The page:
A. This applies to Material Things

For one thing, this beatitude applies to material things. Look again at the Scripture text: Paul said to the Ephesians, “I have showed you all things, how that so laboring ye ought to support the weak, and to remember the words of the Lord Jesus, how he said, It is more blessed to give than to receive.”

1. We have no obligation to give to those who are lazy, or squander their resources and then depend on others to “bail them out.” But it is our obligation--and more than that, it’s our privilege--to help those who are down-and-out because of health problems or other unusual trials and tribulations. That would include those who, in this down economy, are sincerely, even desperately, looking for work but can’t find it.

The late W. A. Criswell told of hearing the world-famous violinist, Fritz Kreisler, in a concert. He was thrilled to hear him play--but then years later he learned something about Fritz Kreisler which thrilled him even more than the man’s music. He read this testimony by the great violinist:

I was born with music in my soul. I knew musical scores intuitively before I knew my ABCs. It was a gift of God. I did not acquire it. So I do not even deserve thanks for music. Music is too sacred to be sold. I never look upon money that I earn as my own. It is only a fund entrusted to my care for proper distribution. I am constantly endeavoring to reduce my needs to the minimum. I feel morally guilty in ordering a costly meal, for it deprives someone else of a slice of bread - some child, perhaps, of a bottle of milk....In all these years of my so-called success in music, we have not built a home for ourselves. Between it and us stand all the homeless in the world!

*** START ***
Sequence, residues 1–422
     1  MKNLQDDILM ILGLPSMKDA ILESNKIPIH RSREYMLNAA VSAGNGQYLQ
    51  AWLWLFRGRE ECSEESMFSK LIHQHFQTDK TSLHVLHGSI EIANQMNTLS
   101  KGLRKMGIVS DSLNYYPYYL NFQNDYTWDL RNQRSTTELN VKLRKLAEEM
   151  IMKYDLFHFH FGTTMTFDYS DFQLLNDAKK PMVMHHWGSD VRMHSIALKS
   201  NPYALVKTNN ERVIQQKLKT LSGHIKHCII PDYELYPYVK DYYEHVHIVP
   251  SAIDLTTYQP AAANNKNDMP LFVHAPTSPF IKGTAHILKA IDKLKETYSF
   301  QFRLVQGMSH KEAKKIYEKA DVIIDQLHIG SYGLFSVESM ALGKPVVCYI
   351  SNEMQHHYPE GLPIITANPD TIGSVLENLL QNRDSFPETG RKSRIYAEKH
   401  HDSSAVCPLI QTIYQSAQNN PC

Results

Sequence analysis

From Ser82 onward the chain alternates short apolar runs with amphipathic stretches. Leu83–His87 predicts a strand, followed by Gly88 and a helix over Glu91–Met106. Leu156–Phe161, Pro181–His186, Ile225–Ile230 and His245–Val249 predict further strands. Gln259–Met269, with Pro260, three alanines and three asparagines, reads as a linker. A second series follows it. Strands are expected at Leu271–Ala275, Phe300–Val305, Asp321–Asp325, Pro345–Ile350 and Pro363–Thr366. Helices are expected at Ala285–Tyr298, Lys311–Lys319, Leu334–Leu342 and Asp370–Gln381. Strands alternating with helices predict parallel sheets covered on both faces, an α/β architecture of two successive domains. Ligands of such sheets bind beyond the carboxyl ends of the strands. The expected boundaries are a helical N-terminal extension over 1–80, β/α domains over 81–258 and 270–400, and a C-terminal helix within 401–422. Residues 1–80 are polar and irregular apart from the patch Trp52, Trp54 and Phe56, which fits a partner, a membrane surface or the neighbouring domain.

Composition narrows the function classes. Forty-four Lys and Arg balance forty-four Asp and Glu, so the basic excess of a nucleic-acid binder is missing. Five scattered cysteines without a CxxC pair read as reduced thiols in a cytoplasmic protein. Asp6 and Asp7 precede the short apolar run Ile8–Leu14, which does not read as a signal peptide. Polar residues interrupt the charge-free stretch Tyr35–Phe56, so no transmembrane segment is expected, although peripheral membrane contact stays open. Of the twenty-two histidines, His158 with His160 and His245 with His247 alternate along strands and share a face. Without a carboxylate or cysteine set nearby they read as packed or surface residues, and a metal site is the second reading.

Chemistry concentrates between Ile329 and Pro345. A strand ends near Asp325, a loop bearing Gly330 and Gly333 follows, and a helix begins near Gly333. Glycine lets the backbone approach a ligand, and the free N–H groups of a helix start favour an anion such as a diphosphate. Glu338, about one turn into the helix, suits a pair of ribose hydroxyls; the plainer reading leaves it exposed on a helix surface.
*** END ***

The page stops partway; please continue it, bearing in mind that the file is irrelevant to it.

Can you imagine that? What sacrificial giving. The Lord may not lead everyone to go to that extreme--but the Lord certainly does call each of us to give unstintingly and sacrificially.

2. We are also to give of our material resources through the church. The tithe is the Lord’s, so we’re not really “giving” until we go above and beyond the tithe. Each of us should pray earnestly for God’s leadership as to how much he would have us give, when it comes to special emphases such as the Lottie Moon Offering for Foreign Missions. We should give liberally. In Matthew 10:8 Jesus said, “...freely ye have received, freely give.”

The late R. G. Lee told about an individual who was complaining about all the offerings that the church took, and all of the emphasis on giving. He felt that the church was trying to do too many things and support too many causes. He said, “Our church costs too much. I‘m getting sick and tired of it.”

One of his fellow church members spoke up and said, “I want to tell you a story out of my own life. Some time ago a baby boy came into my house and from the time he was born he cost me....I had to buy food, clothing, medicine, and after a while toys and a puppy dog. When he started to school, he cost me more. And when he went to college they were still greater, and later he began to go out with girls and you know how much that costs. Then in his senior year he died suddenly, and since then has not cost me a cent.”

If you and I want our church to be active and alive, it’s certainly going to take a lot more than money--but, nonetheless, faithful giving is at least one of the essentials, along with all of the other weightier requirements.

B. This applies to Non-material Possessions

But the principle that it is more blessed to give than to receive applies not only to material possessions--it also applies to non-material possessions.

In Acts 3:2-3 we read: “And a certain man lame from his mother’s womb was carried, whom they laid daily at the gate of the temple which is called Beautiful, to ask alms of them that entered into the temple; Who seeing Peter and John about to go into the temple asked an alms.” Now, verse 6: